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I have two inverters, driven by two IRF530 mosfets. I need to drive them with a specific phase shift. What is the simplest, most basic way to do it, for simple prototyping? (I am neglecting PWM modulation for first prototype, I just want to make circuit work)

I am currently trying with LM5046, but it seems too time-consuming for initial version. Size of circuit doesn't matter.

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  • \$\begingroup\$ How precise, how repeatable, what resolution must you have? \$\endgroup\$ – analogsystemsrf Apr 22 '18 at 1:50
  • \$\begingroup\$ This is what I know: Second MOSFET should start with 0.083us delay. Repetition should continue until the input power is cut off. \$\endgroup\$ – DenR Apr 25 '18 at 0:14
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The simplest is to use is an RC network and (just to be safe) a Schmitt trigger.

schematic

simulate this circuit – Schematic created using CircuitLab

This will have a few problems. The biggest is that, for an arbitrary fixed trigger level, it will provide different phase shifts for rising and falling edges. This can be fixed by taking the natural hysteresis found in simple Schitt triggers and setting the rising trigger level at about 63% of the input logic swing, and the falling trigger level at about 37%. If you do this, the delay (ignoring the propagation delay of the trigger) will be equal to the product of R and C. If R is ohms and C is in Farads, the delay will be expressed in seconds.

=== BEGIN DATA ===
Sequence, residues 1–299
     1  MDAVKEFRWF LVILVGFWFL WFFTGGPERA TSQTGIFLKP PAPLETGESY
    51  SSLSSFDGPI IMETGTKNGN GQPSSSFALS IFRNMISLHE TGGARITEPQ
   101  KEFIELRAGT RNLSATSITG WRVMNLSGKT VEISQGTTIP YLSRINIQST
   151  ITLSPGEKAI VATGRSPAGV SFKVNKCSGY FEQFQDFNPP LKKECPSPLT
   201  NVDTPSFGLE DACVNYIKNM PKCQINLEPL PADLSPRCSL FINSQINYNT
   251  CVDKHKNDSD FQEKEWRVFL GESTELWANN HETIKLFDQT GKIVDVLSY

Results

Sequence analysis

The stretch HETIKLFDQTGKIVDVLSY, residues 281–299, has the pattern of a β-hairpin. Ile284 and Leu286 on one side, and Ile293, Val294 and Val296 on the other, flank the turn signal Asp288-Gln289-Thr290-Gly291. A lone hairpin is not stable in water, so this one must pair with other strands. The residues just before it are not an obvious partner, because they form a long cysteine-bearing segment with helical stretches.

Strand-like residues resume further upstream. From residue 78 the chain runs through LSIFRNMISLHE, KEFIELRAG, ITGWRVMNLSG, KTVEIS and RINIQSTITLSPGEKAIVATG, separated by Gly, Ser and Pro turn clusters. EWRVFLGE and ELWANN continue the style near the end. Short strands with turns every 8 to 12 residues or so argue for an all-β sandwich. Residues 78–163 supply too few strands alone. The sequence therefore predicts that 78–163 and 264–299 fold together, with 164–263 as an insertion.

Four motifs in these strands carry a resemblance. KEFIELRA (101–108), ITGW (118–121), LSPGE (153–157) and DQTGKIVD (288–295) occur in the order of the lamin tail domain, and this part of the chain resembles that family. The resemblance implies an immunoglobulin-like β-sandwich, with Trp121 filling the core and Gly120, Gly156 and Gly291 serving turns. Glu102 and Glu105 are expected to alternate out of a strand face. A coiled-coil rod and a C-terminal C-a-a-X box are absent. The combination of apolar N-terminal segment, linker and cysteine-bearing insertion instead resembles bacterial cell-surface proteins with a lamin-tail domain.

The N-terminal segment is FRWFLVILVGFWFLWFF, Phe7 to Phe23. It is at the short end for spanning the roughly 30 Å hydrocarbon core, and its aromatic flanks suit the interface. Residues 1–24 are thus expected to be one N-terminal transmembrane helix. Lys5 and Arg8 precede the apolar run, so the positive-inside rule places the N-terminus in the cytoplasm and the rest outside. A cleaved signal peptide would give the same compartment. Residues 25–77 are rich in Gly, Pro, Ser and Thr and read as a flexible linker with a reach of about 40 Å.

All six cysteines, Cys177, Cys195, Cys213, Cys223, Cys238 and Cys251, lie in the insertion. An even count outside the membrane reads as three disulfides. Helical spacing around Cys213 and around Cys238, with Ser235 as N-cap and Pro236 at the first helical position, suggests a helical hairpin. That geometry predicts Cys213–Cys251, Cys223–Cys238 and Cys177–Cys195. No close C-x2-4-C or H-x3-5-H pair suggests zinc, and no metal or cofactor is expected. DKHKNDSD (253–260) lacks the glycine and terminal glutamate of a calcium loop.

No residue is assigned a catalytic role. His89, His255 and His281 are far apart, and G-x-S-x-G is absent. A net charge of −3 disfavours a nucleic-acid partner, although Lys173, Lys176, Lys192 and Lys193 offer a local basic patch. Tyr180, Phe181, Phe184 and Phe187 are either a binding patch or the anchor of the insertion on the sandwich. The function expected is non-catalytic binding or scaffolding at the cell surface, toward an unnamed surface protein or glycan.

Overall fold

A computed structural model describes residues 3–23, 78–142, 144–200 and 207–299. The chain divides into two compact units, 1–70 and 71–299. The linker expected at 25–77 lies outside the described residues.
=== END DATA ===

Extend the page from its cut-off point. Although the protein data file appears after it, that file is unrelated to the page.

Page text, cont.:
However, as long as the two trigger levels are symmetric around the average of the high and low logic levels the delays will be equal, just a bit harder to calculate.

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  • \$\begingroup\$ So a suggestion is to connect a clock directly to a first MOSFET's gate, and use the shown circuit for the second? \$\endgroup\$ – DenR Apr 25 '18 at 0:15
  • \$\begingroup\$ Yes. Also keep in mind that the inverter adds another 180 degrees of phase shift. If your clock is a fixed square wave, that's not a problem, but if you're looking at an arbitrary (random) pulse train you'll need to be careful. \$\endgroup\$ – WhatRoughBeast Apr 25 '18 at 15:59
  • \$\begingroup\$ I see. Any recommendation about what is the simplest clock implementation? \$\endgroup\$ – DenR Apr 28 '18 at 14:17
  • \$\begingroup\$ @DenR - That's the subject of a different question. When you ask it, you'll need to specify voltage levels, frequencies, duty cycle, rise/fall times, available power supply voltage, and anything else you can think of. \$\endgroup\$ – WhatRoughBeast Apr 28 '18 at 19:16

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